This year has been no vacation for Jared Johnson at Holiday Customs. “We built some 13 bikes this year and didn’t have time to build for myself” says Jared. After finding a rusty old 1976 Yamaha XS650 in Portland for $400, Jared knew exactly what he wanted to create. “I had been thinking of how I wanted this thing to look. I really like the lines on Schwinn cruiser bicycles, flowing with curves.” The bike sat in his shop for a few months until he was ready to fully immerse himself in the project. “I made everything on the bike except for the seat. The frame alone took a week. I rolled the tube metal, welded it up, then put the tires on and realized it wasn’t low enough, so I cut off the tail and started over.” After the frame was complete, the idea for the curved pipes that follow the lines of the frame came to him. “The pipes took 4 long days, rolling the tube, notching out for the rear axle bolt, walking around looking at it for hours” he says.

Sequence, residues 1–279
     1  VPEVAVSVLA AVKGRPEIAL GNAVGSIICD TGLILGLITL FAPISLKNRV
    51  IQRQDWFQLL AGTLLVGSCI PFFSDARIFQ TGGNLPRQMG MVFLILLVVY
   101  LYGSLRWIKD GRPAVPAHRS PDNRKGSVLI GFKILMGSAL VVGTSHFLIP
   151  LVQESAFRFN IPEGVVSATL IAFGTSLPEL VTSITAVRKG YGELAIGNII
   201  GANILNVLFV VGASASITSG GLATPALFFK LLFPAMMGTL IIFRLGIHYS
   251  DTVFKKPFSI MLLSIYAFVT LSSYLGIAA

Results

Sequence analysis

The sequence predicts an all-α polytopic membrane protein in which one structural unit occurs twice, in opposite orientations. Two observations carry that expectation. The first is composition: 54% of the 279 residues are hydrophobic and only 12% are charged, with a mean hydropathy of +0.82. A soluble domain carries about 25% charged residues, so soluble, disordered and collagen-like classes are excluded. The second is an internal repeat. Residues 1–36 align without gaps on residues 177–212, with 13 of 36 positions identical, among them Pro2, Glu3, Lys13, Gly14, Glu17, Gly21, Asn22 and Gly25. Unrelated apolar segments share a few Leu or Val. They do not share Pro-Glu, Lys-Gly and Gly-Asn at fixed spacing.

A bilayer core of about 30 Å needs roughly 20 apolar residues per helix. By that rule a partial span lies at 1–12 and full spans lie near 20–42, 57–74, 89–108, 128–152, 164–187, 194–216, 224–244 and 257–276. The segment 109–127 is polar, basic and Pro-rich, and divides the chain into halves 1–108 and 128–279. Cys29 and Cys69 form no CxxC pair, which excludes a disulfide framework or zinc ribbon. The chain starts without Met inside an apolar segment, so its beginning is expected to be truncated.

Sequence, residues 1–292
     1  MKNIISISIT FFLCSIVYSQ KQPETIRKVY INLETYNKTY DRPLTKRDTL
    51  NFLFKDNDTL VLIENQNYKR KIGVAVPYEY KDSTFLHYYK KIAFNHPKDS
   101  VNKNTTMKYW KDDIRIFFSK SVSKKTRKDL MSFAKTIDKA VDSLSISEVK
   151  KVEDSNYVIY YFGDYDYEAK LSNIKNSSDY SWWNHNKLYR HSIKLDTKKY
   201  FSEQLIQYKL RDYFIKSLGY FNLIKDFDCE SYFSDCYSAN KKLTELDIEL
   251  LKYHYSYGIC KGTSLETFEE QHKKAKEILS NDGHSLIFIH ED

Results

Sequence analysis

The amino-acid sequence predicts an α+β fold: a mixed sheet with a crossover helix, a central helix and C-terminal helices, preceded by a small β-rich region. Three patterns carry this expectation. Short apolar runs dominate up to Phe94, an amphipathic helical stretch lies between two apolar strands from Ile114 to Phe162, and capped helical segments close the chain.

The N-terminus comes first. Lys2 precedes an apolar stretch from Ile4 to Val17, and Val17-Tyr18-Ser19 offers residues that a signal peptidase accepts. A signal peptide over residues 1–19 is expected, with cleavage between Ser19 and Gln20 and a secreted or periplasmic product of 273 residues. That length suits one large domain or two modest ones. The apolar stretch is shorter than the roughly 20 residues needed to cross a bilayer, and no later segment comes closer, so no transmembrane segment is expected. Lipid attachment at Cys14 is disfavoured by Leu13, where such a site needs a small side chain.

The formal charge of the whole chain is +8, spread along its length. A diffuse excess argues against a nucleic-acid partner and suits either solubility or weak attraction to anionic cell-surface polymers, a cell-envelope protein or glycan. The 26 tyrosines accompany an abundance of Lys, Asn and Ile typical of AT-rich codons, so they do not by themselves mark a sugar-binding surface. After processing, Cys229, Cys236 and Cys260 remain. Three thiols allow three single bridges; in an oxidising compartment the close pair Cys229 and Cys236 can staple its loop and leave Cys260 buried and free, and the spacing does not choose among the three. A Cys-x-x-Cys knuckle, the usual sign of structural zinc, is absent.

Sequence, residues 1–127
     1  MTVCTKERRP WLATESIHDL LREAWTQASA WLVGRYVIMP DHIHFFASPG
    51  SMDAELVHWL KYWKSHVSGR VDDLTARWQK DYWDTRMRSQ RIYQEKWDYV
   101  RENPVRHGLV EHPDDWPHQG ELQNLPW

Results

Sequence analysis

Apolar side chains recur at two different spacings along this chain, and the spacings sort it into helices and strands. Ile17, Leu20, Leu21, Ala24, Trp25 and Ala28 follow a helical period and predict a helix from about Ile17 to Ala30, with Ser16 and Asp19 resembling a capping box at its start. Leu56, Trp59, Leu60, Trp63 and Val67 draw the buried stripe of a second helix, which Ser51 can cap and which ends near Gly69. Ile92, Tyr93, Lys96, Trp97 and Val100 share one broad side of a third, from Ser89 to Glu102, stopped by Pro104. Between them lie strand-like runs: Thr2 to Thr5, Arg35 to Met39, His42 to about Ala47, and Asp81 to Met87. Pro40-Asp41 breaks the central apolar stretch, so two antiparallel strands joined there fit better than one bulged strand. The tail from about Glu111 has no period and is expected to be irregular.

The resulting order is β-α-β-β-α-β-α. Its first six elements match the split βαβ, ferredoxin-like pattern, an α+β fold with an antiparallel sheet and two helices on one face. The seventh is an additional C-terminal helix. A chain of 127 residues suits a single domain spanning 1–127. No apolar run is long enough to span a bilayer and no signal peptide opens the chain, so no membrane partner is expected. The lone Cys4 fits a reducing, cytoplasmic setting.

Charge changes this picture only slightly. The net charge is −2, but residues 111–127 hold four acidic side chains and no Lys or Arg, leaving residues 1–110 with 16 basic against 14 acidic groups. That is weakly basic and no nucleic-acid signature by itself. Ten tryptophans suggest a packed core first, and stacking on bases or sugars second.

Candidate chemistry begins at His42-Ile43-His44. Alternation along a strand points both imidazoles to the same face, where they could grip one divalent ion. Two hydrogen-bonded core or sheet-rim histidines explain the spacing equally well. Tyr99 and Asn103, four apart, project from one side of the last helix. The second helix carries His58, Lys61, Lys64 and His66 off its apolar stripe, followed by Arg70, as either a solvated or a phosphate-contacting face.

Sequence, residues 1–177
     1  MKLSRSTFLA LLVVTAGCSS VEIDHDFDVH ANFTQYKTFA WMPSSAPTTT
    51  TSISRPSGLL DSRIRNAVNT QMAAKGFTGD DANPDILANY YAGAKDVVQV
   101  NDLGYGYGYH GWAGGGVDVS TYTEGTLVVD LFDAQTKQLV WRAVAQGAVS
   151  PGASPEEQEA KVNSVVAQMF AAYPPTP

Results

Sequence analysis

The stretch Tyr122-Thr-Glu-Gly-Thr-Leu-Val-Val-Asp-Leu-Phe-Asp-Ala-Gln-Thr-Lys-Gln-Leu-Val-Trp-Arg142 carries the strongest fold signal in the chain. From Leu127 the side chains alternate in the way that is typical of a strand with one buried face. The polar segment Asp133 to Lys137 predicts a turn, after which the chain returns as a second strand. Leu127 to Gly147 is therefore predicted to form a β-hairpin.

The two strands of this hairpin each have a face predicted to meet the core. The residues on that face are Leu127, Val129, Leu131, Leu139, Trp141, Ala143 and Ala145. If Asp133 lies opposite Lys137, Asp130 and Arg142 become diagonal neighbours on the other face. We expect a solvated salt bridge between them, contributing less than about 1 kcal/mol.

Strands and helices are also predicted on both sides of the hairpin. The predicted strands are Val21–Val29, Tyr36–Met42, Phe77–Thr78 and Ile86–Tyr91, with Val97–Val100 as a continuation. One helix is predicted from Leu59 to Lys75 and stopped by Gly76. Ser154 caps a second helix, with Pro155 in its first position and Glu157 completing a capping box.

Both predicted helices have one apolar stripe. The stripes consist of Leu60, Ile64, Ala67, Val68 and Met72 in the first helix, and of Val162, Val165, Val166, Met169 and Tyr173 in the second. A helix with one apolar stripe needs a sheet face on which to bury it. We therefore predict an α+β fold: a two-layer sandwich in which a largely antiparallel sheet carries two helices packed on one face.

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Here’s a couple of sweet little videos from Deus starring their Moulin Rouge – don’t worry, there’s no sign of Nicole Kidman singing in either video. The first one (above) features beautiful shots of the W650 springer bobber, all set to the gravelly voice of Tom Waits. The second video shows the bike in action, being ridden around the back streets of Sydney.
After all the hoo-har of the Deus bike build last weekend I was flicking through my photos of the event and realised that amongst all the bikes entered in the competition, there was a new Deus on display. The whole gig had forced it into a bridesmaid sort of role, but none-the-less we thought it was more than worth a few pixels of Pipeburn’s time.